|another name for pitta bread|
any of about 23 species of Old World birds constituting the family Pittidae. All are stub tailed, long legged, and short necked. They have a rather stout bill and are 15-27 centimetres (6-10 12 inches) in length. Pittas faintly resemble thrushes and are sometimes known as jewelthrushes. The sexes may be alike or unlike in appearance. Most species are found in the Indo-Malayan region, some ranging to the Solomon Islands; four occur in Australia, two in Africa. The Indian pitta (P. brachyura) is typically colourful, with shimmering blue wing plumage. The blue-winged pitta (P. moluccensis) is common from Burma to Sumatra, and the fairy pitta (P. nympha) breeds in Japan, Korea, and eastern China but winters further south. The three species appear quite similar and may actually be conspecific. Other pittas are also brightly coloured, with some having red, yellow, or purple markings.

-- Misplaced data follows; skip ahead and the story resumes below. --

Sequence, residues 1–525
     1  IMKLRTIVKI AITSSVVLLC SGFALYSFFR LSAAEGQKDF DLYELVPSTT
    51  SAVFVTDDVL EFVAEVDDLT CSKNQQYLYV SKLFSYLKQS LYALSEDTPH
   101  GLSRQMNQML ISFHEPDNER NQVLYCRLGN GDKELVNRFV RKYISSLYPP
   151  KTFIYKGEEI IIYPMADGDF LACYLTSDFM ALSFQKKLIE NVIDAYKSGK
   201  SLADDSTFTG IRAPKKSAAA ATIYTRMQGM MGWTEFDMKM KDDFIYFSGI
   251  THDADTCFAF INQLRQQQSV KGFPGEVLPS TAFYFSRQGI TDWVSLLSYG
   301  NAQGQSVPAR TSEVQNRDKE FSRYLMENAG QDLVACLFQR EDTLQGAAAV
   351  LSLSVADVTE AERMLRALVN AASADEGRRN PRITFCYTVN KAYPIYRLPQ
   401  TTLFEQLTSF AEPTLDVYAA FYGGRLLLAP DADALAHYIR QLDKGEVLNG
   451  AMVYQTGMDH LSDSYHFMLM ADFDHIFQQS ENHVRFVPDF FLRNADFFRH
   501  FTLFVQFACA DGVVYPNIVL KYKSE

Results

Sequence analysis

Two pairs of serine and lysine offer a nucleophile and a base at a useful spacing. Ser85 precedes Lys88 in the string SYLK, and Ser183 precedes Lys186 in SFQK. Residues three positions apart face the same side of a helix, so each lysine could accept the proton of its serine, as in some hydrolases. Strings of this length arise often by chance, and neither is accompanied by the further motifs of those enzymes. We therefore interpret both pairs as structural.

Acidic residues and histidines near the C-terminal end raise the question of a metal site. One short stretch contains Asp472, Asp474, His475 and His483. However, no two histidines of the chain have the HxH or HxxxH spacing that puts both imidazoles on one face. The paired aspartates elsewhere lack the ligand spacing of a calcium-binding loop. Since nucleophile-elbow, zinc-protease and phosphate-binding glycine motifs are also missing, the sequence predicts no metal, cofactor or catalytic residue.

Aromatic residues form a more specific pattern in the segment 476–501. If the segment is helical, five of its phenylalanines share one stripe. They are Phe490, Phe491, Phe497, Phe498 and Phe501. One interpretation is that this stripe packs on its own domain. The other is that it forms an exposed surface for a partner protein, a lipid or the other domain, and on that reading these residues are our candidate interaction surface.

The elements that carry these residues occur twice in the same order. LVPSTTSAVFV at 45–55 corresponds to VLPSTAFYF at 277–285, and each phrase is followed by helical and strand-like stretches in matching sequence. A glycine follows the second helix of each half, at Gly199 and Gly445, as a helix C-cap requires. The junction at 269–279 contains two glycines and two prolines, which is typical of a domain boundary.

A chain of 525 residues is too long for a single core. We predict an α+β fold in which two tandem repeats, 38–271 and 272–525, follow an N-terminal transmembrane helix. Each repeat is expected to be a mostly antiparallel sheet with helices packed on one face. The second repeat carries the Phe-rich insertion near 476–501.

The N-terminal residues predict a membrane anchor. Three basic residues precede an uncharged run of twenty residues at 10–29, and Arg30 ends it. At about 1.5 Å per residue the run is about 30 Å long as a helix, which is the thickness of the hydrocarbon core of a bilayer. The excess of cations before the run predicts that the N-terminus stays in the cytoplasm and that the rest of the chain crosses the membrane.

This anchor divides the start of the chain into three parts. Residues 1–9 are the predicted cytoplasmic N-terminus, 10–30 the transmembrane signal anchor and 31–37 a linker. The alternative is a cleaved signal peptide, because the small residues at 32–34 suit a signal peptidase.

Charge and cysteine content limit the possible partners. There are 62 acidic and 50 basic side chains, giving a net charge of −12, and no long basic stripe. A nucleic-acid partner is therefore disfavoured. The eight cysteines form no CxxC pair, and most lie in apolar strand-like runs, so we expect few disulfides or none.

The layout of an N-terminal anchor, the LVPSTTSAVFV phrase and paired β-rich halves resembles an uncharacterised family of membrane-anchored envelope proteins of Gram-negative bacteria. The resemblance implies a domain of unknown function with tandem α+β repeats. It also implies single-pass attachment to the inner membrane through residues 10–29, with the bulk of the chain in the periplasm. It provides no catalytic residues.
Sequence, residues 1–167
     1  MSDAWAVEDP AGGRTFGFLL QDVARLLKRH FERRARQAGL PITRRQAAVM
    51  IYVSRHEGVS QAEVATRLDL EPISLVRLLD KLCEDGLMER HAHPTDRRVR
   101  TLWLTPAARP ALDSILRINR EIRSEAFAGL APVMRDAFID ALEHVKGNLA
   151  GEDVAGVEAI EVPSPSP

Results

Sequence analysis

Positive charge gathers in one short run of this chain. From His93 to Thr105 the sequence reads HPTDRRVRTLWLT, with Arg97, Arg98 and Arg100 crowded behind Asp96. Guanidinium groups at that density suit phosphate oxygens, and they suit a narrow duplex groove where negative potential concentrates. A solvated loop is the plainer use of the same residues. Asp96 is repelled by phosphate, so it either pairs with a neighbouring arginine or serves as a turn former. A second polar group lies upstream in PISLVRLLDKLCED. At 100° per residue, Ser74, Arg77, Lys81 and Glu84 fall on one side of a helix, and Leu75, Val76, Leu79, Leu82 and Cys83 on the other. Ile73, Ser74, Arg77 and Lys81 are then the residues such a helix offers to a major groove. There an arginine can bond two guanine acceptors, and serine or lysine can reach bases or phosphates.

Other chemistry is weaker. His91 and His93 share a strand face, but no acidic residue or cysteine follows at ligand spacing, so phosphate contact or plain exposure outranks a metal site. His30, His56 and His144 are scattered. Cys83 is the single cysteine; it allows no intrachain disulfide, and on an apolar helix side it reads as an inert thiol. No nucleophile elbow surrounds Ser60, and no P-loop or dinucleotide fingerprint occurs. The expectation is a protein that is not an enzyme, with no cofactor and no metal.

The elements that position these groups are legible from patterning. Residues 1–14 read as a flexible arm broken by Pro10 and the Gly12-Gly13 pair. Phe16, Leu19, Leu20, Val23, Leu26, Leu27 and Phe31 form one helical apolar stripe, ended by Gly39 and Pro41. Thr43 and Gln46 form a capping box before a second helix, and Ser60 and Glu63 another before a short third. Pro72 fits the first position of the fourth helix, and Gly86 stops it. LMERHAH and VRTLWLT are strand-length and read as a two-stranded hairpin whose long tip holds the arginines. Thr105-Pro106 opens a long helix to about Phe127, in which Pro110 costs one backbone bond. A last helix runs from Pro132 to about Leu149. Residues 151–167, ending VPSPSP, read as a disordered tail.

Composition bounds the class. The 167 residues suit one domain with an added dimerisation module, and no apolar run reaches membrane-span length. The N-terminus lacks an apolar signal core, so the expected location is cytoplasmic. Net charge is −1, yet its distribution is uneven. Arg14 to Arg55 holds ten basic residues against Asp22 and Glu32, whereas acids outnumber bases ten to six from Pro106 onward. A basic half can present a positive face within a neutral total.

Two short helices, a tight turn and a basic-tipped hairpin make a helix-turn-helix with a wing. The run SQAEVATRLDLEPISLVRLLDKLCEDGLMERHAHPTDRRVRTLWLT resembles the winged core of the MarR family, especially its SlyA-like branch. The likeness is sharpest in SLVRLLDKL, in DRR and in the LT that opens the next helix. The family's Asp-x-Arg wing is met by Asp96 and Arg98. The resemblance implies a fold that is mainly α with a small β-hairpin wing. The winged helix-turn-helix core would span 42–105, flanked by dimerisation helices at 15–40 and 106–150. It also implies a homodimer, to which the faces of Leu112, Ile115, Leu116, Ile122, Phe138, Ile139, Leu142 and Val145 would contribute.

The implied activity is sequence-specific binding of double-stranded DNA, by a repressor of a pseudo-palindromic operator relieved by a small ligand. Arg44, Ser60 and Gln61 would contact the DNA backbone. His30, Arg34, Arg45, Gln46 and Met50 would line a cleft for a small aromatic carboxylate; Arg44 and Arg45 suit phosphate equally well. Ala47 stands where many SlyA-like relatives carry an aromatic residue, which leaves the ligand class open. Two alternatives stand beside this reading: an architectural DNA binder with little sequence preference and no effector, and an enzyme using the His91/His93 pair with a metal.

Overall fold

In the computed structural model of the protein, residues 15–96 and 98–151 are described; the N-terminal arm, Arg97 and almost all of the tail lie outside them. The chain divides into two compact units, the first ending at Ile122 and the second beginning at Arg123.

Learn more about pitta with a free trial on Britannica.com.